18. 18. C. Preventing Infection 1. Evaluate temperature every 4 hours if normal, and every 2 hours if elevated. 2. Check vaginal drainage for increased amount and odor, which may indicate infection. 3. Instruct on and encourage perineal care following each urination and defecation to prevent contamination.
  19. 19. D. Promoting Comfort 1. Reduced anxiety. 2. Instruct and encourage the use of relaxation techniques to augment analgesics. 3. Administer pain medications as needed and as prescribed.
  20. 20. Patient Education/Health Maintenance • 1. Provide the names of local support groups for couples who have experienced an early pregnancy loss • 2. Discuss with the couple the methods of contraception to be used. • 3. Explain the need to wait at least 3 to 6 months before attempting another pregnancy. • 4. Teach the woman to observe for signs of infection (fever, pelvic pain, change in character and amount of vaginal discharge), and advise to report them to provider immediately.
  21. 21. Evaluation A. Vital signs remain normal; minimal blood loss B. Expresses feelings regarding the loss of the pregnancy C. No signs of infection, temperature normal, performs perineal care D. Verbalizes relief of pain
  22. 22. ECTOPIC PREGNANCY • Ectopic pregnancy is any gestation located outside the uterine cavity.
  23. 23. Pathophysiology/Etiology 1. The fertilized ovum implants outside of the uterus. a. ampler portion of fallopian tube. b. abdomen and the ovaries. 2. Structural factors; adhesions of the tube, salpingitis, congenital and developmental anomalies induced(septic) abortions. 3. Functional factors include menstrual reflux and decreased tubal motility. 4. Contributing factors may include: a. History of pelvic inflammatory disease (PID) b. Endometriosis c. Previous tubal surgery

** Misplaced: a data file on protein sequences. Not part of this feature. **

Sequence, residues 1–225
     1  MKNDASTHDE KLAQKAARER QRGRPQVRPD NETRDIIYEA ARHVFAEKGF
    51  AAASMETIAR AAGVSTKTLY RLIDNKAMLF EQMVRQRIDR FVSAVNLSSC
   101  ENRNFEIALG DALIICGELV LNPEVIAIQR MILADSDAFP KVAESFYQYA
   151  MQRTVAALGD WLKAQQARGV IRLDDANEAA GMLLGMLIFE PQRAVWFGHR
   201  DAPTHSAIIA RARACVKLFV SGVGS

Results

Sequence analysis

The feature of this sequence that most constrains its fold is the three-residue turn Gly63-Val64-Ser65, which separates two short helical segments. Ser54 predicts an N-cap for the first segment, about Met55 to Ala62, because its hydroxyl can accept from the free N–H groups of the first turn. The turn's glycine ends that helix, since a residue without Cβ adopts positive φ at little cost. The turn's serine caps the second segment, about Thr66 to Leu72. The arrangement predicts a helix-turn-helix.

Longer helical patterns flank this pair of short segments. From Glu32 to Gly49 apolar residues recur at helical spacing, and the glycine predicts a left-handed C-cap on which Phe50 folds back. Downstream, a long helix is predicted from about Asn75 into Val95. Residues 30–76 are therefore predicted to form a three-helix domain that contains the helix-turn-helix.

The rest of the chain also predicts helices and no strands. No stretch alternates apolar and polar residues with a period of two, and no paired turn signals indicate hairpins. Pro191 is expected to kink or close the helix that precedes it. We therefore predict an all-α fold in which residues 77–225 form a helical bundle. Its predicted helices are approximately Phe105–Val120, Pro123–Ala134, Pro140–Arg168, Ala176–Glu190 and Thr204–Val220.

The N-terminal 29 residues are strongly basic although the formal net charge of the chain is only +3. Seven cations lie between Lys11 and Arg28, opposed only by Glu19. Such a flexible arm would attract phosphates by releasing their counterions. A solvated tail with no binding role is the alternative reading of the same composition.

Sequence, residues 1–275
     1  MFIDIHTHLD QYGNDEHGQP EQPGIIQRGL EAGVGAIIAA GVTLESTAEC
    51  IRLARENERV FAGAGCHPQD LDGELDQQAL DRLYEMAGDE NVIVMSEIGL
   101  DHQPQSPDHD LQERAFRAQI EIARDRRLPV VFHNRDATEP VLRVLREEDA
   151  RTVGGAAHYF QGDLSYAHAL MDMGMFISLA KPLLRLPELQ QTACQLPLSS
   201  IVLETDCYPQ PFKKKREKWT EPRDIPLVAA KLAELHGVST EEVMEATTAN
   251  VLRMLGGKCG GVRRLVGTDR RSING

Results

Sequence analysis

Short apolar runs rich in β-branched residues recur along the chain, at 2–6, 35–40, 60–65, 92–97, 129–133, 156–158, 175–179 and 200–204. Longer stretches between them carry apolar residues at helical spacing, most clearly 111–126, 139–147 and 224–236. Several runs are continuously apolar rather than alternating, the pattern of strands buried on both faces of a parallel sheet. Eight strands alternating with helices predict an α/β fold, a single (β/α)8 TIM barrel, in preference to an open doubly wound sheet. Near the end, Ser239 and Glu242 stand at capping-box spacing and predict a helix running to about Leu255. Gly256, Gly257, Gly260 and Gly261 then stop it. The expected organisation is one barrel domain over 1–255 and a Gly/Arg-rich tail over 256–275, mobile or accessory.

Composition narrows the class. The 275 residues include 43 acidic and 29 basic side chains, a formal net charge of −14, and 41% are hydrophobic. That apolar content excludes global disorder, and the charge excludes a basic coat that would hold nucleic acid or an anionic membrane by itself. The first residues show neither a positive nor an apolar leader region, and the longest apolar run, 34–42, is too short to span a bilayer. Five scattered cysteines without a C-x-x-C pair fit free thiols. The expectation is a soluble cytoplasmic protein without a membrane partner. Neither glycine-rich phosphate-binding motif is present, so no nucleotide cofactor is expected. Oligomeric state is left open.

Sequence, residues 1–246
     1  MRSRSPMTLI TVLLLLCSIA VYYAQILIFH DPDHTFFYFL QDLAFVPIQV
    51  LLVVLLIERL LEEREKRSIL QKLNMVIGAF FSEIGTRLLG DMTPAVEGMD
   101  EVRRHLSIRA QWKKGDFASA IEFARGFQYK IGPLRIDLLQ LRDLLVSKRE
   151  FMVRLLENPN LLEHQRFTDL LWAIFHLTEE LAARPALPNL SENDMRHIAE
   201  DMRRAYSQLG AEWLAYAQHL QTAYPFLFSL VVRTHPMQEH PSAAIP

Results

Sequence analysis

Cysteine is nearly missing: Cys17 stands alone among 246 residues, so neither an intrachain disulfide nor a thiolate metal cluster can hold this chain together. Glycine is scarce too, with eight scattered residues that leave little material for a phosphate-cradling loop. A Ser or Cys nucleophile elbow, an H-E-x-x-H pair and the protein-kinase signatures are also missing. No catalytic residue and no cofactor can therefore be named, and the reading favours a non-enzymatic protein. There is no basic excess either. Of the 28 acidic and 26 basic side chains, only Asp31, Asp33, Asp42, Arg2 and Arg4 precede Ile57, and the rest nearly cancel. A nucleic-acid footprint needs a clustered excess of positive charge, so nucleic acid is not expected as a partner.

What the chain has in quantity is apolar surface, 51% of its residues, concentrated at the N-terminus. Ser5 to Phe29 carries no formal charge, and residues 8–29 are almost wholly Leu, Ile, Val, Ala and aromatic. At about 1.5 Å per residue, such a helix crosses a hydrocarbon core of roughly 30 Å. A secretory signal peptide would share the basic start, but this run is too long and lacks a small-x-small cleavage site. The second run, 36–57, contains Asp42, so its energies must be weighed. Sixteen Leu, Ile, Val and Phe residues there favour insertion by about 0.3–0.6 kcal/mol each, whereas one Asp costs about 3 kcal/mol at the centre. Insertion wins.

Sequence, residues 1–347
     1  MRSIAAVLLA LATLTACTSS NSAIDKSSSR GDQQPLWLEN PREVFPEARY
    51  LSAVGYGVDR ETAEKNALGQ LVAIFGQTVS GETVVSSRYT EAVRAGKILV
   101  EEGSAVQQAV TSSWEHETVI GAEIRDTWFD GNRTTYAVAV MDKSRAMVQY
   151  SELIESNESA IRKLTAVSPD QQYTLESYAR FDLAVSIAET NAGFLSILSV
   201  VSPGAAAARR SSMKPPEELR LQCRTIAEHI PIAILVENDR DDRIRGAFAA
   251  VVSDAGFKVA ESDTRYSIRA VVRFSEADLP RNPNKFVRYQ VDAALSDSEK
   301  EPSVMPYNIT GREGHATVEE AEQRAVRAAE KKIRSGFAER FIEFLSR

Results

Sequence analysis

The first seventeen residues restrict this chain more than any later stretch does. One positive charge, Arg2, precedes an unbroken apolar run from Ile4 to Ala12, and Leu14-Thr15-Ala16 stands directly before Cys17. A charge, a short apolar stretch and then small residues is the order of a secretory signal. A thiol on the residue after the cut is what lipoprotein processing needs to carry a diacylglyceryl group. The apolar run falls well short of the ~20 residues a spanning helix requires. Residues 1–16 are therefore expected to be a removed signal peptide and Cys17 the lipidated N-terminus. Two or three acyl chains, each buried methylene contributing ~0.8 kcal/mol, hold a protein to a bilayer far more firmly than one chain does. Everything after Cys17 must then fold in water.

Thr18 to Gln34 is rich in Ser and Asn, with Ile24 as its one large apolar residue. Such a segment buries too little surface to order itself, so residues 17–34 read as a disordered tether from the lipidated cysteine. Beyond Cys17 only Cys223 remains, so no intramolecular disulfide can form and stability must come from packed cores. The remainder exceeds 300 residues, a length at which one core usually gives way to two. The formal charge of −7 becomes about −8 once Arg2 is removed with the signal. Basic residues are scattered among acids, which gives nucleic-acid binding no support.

24. 24. Clinical Manifestations 1. Abdominal or pelvic pain 2. Amenorrhea—in 75% of the cases 3. Vaginal bleeding—usually scanty and dark 4. Uterine size is usually similar to what it would be in a normally implanted pregnancy. 5. Abdominal tenderness on palpation 6. Nausea, vomiting, or faintness may be present. 7. Pelvic examination reveals a pelvic mass, posterior or lateral to the uterus, and cervical pain on movement of the cervix. 8. Pain may become severe if a tubal rupture occurs and clinical presentation will be that of shock.
  25. 25. Diagnostic Evaluation 1. Serum β-human chorionic gonadotropin (βhCG)— when done serially, will not show characteristic rise as in intrauterine pregnancy 2. Ultrasound—may identify tubal mass, absence of gestational sac within the uterus 3. Culdocentesis—bloody aspirate from the cul-desac of Douglas indicates intraperitoneal bleeding from tubal rupture 4. Laparoscopy—visualization of tubal pregnancy 5. Laparotomy—indication for surgery if there is any question about the diagnosis
  26. 26. Management 1. Surgeries range from removal of ectopic pregnancy with tubal resection, salpingostomy, salpingectomy, and possibly sal- pingo-oophorectomy. 2. Treat shock and hemorrhage if necessary(rupture)
  27. 27. Nursing Assessment • Evaluate the following to determine pregnancy and to monitor for changes in patient's status, such as rupture or hemorrhage: 1. Maternal vital signs 2. Presence and amount of vaginal bleeding 3. Amount and type of pain 4. Presence of abdominal tenderness on palpation(bluish low lateral abdomen) 5. Date of last menstrual period 6. Presence of positive pregnancy test
  28. 28. Nursing Diagnoses A. Risk for Fluid Volume Deficit related to blood loss from ruptured tube B. Pain related to ectopic pregnancy or rupture and bleeding into the peritoneal cavity C. Anticipatory Grieving related to loss of pregnancy and potential loss of childbearing capacity
  29. 29. Nursing Interventions A. Maintaining Fluid Volume 1. Establish an intravenous (IV) line with a large-bore catheter and infuse fluids and blood products as prescribed. 2. Obtain blood samples for complete blood count (CBC) and type and screen for whole blood, as directed. 3. Monitor vital signs and urine output frequently, depending on condition.
  30. 30. B. Promoting Comfort 1. Administer analgesics as needed and prescribed. 2. Encourage the use of relaxation techniques.
  31. 31. C. Providing Support During Grief 1. Be available to patient and provide emotional support. 2. Listen to concerns of patient and significant others. 3. Be aware that family may be experiencing denial or other stage of grieving. 4. Suggest referrals such as social worker, psychiatry, and clergy, as appropriate.